It is hardly the sort of scenery to make the Sunday motorist's heart flutter. But for drivers who want to fill the night sky with smoke, the industrial estates on Melbourne's north-west fringe are the ideal spot to meet like-minded revheads.
Usually the biggest casualties are the rear tyres (one driver known to frequent the meets boasted online this week that he had gone through 25 sets during a recent legal burnout event).
But on Wednesday, only minutes after the drivers of about 100 cars were turfed from the industrial area at Lara Way in Campbellfield, two people who had been at the meet careened off a bridge and died in the fiery wreck of a Holden Commodore ute.
Acting Senior Sergeant Dean Pickering, of Fawkner Highway Patrol, said revhead gatherings were common in the outer north-west, with police breaking up an average of one a week.
He said the attendees used unconventional forms of social media, word of mouth and one-on-one messages to spread the word about gatherings.
"What happened on the ring road didn't take place where the hoons gathered, but at some of these events we're talking about people being centimetres away from dying," he said.
"All Joe Idiot has got to do is lose control of his car and we've got multiple fatalities."
The size of the gatherings varies, with meetings sometimes attracting as many as 500 cars.
Workers at the industrial estate in Campbellfield are mostly resigned to the wild driving that leaves every cul-de-sac and concourse stained with rubber skid marks.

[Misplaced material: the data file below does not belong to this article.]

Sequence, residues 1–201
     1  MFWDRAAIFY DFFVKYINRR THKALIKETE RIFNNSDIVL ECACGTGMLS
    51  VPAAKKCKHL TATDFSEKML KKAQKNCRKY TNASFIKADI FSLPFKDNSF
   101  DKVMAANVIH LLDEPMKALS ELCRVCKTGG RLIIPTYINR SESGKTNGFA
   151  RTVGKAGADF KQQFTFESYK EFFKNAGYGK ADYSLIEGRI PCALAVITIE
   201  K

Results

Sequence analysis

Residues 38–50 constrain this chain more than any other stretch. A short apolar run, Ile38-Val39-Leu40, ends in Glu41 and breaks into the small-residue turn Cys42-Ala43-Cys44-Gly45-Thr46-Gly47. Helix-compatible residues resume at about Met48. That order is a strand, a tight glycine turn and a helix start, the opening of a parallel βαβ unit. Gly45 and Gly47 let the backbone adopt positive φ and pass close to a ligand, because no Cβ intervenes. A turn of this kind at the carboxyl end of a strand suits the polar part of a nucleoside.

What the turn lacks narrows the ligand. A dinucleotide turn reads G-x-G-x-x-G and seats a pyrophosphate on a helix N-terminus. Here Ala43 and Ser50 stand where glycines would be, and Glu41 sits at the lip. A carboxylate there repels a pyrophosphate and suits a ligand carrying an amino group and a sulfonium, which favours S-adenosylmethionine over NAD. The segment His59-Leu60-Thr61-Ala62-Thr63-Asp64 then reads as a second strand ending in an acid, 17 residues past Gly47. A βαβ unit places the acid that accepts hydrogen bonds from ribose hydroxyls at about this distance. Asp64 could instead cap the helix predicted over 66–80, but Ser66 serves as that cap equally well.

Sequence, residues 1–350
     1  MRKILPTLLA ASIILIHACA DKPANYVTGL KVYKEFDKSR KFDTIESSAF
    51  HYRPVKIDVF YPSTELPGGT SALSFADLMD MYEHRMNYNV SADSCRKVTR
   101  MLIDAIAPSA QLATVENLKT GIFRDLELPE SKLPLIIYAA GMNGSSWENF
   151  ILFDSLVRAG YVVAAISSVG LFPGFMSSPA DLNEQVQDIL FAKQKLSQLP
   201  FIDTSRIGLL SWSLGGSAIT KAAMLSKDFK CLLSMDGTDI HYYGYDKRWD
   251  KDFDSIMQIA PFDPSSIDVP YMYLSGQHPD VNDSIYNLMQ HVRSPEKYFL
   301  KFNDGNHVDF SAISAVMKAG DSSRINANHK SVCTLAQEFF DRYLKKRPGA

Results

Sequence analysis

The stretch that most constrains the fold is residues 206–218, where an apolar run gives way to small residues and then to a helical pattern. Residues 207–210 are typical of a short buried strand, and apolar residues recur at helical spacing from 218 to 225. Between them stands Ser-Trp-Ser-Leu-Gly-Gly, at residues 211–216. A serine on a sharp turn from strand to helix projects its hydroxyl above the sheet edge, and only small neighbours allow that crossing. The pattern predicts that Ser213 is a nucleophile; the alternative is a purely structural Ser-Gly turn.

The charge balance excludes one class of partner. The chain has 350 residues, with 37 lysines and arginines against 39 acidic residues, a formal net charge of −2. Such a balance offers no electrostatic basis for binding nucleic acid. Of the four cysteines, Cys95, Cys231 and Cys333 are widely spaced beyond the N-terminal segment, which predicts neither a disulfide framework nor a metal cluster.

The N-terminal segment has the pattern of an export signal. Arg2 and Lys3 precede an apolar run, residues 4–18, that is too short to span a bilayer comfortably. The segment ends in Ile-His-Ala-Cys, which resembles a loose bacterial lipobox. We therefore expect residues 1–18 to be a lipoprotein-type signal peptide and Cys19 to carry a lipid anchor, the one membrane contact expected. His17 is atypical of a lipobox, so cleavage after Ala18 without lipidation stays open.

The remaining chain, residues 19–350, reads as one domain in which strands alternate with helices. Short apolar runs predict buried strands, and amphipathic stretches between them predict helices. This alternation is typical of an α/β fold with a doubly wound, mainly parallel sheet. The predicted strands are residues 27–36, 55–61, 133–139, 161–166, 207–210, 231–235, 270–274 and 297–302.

"Everyone knows it's massive," said one factory owner, who declined to be named.
"But it's not as bad here. You head over a few streets and there's more rubber there than Dunlop."
On the corner of Lever Street and Merri Concourse, where the concrete factories face onto a yellowed paddock, the drivers' wheelies have layered on top of each other to form a large, messy black circle.
The smell of burning rubber from the night before hangs in the air, while flakes of wheel and larger dried-out pieces are scattered on the asphalt and flung onto the roadside.
Business owners say the hijinks generally do not bother them as the cars that can descend on the estate in their hundreds arrive when the businesses are deserted – at 11pm or 1am.
However, Sally Davis, who works on Lara Way, said some factory workers do come tearing out of the driveways and speed up and down the streets.
"Friday nights can be pretty noisy," she said.
At about 4.30pm it's home time and small lines of utes and V8 cars bank up at the crossroads, in an artificial peak hour. A white Commodore revs its engine three times, speeding off on the open road, as its owner heads home.
Acting Senior Sergeant Pickering said most revheads were young males who often showed hostility to police.
In one incident last September in Lara Way, a police officer was bashed after a driver suspected of street racing was pulled over for a breath test.
Police often find stolen cars and numberplates when breaking up the gatherings, acting Senior Sergeant Pickering said.
Other revhead hot spots in the outer northern suburbs include Lillee Crescent and Lambeck Drive in Tullamarine, as well as Foden Avenue and Merola Way in Campbellfield.
Typically, participants will avoid residential areas, where police may be tipped off. Instead, they will seek out industrial areas. Often this results in damage to roads outside businesses.
"They're doing it in areas where they can tear up roads," acting Senior Sergeant Pickering said.
"I know I wouldn't like to turn up to my business with nothing more than shredded tyre marks out the front."
While the meets themselves may not be advertised on social media, their attendees proudly share their exploits.
On the morning before the Campbellfield meeting, one frequent attendee posted a video of a huge burnout he did on a residential street to celebrate Australia Day.
Others also bragged about being shown on television when a story surfaced earlier this month linking the events to a wild brawl at Thomastown McDonald's.
It is unclear whether the organisers of the revheads events have been encouraged by the recent abandonment of police pursuits, a policy which has split opinion within the force.